"The house prices were going up and so people were selling their houses," says Prudence, 33.
The cost of their children's education is another major challenge. They spend 3,000 yuan a month to send their eldest, a fifth grader, to the Pakistani Embassy College, considered the lowest-priced, English-language school in town. English is the main language of instruction in Zambia and the couple want a smooth academic transition for their three children should the family decide to move back to Africa.
For their 3-year-old second child, the couple is trying out a bilingual school, which also charges 3,000 yuan a month. But they are not satisfied with the results so far.
"They say they are bilingual and that they are teaching the child in English, but whatever comes home as homework is all in Chinese," says David, 39. "It's very difficult for us to monitor if they are really teaching them in English."
For medical bills - another basic expense - "we pay as we go", since Chinese hospitals now offer the same treatment to both local and foreign patients, says Prudence.
"When we first came, it was more difficult because most hospitals couldn't attend to foreigners," she says. "There were just specific hospitals they would call them foreign wing where you would pay maybe five, 10 times more than the locals for a similar treatment."
Meanwhile, as a treat every quarter, the Sinkalas allow their children to indulge in their favorite restaurant or leisure park, or take them shopping. But there are some months, says Prudence, when money is tight and she has to say no to the kids no matter how much it pains her.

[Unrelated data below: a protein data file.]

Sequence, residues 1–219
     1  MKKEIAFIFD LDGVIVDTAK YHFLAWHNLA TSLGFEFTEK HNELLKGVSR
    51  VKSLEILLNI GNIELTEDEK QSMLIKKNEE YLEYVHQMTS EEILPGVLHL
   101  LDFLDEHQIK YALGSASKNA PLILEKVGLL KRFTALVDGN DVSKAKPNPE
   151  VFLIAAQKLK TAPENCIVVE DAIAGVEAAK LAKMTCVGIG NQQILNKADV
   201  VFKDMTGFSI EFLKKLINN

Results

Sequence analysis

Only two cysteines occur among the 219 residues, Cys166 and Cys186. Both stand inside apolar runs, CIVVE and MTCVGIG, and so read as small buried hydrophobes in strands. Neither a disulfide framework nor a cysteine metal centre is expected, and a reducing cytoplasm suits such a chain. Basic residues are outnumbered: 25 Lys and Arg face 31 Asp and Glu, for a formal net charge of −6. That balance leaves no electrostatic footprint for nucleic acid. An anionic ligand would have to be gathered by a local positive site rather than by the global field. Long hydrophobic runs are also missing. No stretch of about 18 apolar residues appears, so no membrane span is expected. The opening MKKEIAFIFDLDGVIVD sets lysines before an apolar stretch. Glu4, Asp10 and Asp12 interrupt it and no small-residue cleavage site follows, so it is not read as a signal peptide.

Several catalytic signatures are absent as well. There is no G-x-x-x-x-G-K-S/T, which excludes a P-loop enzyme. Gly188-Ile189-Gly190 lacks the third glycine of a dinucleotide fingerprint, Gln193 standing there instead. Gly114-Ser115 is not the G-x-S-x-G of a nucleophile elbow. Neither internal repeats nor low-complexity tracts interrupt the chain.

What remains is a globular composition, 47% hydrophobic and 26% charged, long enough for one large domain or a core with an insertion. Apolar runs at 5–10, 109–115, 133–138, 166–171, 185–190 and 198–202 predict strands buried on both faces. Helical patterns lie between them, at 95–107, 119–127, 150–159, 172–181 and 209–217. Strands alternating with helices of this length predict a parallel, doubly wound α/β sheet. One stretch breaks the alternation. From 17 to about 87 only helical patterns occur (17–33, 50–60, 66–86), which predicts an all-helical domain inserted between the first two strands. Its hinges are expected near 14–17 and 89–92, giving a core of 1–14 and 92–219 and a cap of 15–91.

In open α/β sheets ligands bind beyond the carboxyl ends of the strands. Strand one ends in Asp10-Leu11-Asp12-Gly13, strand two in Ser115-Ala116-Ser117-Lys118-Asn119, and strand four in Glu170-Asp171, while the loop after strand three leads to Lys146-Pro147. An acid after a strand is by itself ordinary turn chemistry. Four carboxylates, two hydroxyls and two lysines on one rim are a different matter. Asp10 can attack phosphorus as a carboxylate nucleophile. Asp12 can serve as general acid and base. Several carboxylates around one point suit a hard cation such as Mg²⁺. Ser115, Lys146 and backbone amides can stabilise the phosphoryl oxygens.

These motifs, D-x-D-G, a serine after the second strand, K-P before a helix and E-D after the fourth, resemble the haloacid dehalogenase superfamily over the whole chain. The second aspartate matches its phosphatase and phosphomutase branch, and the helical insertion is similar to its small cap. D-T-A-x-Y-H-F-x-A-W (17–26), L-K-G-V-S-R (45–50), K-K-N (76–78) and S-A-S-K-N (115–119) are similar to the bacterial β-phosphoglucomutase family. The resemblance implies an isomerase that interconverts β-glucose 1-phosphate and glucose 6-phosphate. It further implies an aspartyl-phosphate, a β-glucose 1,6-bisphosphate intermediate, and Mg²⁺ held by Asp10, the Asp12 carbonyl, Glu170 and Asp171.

"Sometimes it's hard, when bills come at the same time," she says. "You pay for her school, for his school, for rental, for water, for the driver, for the ayi (helper)."
The Arringtons, another American family not on an expat package, have adjusted pretty easily to life in Beijing. This, they say, is primarily the result of spending their first four years in China living in Tai'an, a prefecture-level city in Shandong province. They moved to the Chinese capital only five months ago.
"I can get coffee here, pizza, just the little things that you miss from home," says Chris Arrington, 50, an English teacher at Renmin University of China. "Sometimes maybe you want a steak or sometimes you want a hotdog and it just isn't available (in Tai'an)."
"There wasn't an international school, there wasn't an international hospital," adds his wife Aminta, 40, also an English teacher at Renmin. "When our kids got sick, and they did, we went to the local hospital. Not because we didn't have an expat package, but because it was the only hospital there was."
Their three children, two biological and one adopted from China, go to a Chinese elementary school, where they pay 6,000 yuan a year for each child. In the evening, Aminta supplements their Chinese education with lessons in English reading and writing. Like the Howes, the Arringtons came to China to better understand the native culture of their adopted child.
Chris and Aminta, who come from Washington state, aren't worried their children will have difficulty adjusting to the US system of education once their time in China is up. "They'll be going from something hard and challenging, in a language that is not their own, to an easier, more fun system in their mother language," Aminta says.
"I've never heard the term expat package, actually, until the last few weeks. 'Expat package, what's that?'" she says.
(China Daily 01/04/2011 page18)